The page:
Canadian Forest Service Publications
Soil bacterial and fungal response to wildfires in the Canadian boreal forest across a burn severity gradient. 2019. Whitman, T.; Whitman, E.; Woolet, J.; Flannigan, M.D.; Thompson, D.K.; Parisien, M.-A. Soil Biology and Chemistry 138(2019):107571.
Issued by: Northern Forestry Centre
Catalog ID: 40154
CFS Availability: PDF (download)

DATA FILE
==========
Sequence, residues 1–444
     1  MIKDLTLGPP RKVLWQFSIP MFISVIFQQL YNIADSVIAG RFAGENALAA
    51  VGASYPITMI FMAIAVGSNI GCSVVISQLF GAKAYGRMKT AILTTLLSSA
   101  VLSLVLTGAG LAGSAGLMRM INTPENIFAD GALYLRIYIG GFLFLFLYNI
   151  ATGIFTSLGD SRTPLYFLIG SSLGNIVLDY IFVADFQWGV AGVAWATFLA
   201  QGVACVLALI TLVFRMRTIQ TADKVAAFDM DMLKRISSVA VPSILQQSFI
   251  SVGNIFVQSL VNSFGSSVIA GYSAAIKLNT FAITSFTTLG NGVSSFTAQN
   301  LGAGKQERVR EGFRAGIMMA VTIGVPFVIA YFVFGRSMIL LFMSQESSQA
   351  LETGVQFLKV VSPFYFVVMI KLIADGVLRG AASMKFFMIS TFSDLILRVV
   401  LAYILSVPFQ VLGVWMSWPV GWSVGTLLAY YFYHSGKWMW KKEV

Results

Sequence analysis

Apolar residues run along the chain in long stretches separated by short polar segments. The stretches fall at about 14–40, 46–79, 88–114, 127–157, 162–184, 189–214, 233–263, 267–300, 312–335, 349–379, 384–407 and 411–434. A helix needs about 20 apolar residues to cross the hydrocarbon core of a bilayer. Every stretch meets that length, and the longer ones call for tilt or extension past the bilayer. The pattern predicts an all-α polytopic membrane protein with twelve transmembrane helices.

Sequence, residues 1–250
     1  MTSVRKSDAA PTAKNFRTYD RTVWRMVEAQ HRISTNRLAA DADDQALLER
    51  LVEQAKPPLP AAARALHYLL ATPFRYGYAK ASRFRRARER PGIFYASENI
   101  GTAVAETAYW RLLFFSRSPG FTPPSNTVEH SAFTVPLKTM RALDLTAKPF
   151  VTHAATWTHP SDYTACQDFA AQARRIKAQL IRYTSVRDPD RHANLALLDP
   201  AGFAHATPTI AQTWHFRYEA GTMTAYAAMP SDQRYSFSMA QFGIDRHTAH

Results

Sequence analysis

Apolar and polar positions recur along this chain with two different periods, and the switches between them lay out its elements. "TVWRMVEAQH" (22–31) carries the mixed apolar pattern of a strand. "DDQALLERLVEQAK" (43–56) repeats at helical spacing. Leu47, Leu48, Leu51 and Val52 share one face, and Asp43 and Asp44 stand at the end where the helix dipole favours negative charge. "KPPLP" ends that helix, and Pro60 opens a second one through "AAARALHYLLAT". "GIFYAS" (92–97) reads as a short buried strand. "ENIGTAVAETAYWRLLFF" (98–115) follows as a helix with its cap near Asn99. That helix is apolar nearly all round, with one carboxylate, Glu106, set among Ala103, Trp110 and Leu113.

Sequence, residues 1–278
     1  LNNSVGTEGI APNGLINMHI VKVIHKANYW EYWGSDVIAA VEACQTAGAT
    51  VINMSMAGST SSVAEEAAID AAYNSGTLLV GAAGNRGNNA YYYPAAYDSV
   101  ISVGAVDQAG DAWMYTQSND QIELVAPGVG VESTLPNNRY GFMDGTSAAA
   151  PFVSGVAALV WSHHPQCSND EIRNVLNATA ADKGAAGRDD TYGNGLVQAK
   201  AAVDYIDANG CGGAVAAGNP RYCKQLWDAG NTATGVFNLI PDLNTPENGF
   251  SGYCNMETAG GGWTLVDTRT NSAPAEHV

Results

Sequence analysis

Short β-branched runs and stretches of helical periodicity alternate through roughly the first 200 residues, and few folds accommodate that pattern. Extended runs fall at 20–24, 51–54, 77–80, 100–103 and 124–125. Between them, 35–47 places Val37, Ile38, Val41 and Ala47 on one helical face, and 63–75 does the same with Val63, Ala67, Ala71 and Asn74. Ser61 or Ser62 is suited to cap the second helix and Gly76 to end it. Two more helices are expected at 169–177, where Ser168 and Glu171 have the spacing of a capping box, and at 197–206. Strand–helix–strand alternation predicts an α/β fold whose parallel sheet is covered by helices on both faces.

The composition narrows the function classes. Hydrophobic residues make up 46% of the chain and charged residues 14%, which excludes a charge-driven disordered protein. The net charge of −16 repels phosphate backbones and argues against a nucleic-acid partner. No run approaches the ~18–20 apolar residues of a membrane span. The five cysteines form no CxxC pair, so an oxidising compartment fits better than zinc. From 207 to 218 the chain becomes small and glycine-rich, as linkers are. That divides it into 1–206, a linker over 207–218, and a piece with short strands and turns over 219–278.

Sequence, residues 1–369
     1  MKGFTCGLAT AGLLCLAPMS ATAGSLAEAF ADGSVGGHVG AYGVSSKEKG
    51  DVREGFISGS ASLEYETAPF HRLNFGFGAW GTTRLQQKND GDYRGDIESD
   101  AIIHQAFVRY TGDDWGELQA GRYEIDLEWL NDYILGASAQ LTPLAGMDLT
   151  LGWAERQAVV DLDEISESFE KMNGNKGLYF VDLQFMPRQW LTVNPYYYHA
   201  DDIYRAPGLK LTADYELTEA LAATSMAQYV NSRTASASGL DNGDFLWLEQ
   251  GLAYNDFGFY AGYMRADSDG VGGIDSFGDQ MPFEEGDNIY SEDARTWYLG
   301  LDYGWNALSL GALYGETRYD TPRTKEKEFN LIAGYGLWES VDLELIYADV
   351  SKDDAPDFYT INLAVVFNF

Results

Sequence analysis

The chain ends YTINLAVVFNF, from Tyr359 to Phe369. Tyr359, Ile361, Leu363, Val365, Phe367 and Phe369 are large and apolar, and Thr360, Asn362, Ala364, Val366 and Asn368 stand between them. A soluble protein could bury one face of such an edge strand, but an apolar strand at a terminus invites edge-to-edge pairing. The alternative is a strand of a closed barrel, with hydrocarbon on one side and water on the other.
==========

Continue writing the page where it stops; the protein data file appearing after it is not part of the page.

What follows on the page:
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Global fire regimes are changing, with increases in wildfire frequency and severity expected for many North American forests over the next 100 years. Fires can result in dramatic changes to carbon (C) stocks and can restructure plant and microbial communities, with long-lasting effects on ecosystem functions. We investigated wildfire effects on soil microbial communities (bacteria and fungi) in an extreme fire season in the northwestern Canadian boreal forest, using field surveys, remote sensing, and high-throughput amplicon sequencing in upland and wetland sites. We hypothesized that vegetation community and soil pH would be the most important determinants of microbial community composition, while the effect of fire might not be significant, and found that fire occurrence, along with vegetation community, moisture regime, pH, total carbon, and soil texture are all significant predictors of soil microbial community composition. Burned communities become increasingly dissimilar to unburned communities with increasingly severe burns, and the burn severity index (an index of the fractional area of consumed organic soils and exposed mineral soils) best predicted total bacterial community composition, while whether a site was burned or not was the best predictor for fungi. Globally abundant taxa were identified as significant positive fire responders in this system, including the bacteria Massilia sp. (64 × more abundant with fire) and Arthrobacter sp. (35 × ), and the fungi Penicillium sp. (22 × ) and Fusicladium sp. (12 × ). Bacterial and fungal co-occurrence network modules were characterized by fire responsiveness as well as pH and moisture regime. Building on the efforts of previous studies, our results consider a particularly wide range of soils, vegetation, and burn severities, and we identify specific fire-responsive microbial taxa and suggest that accounting for burn severity improves our understanding of microbial response to fires.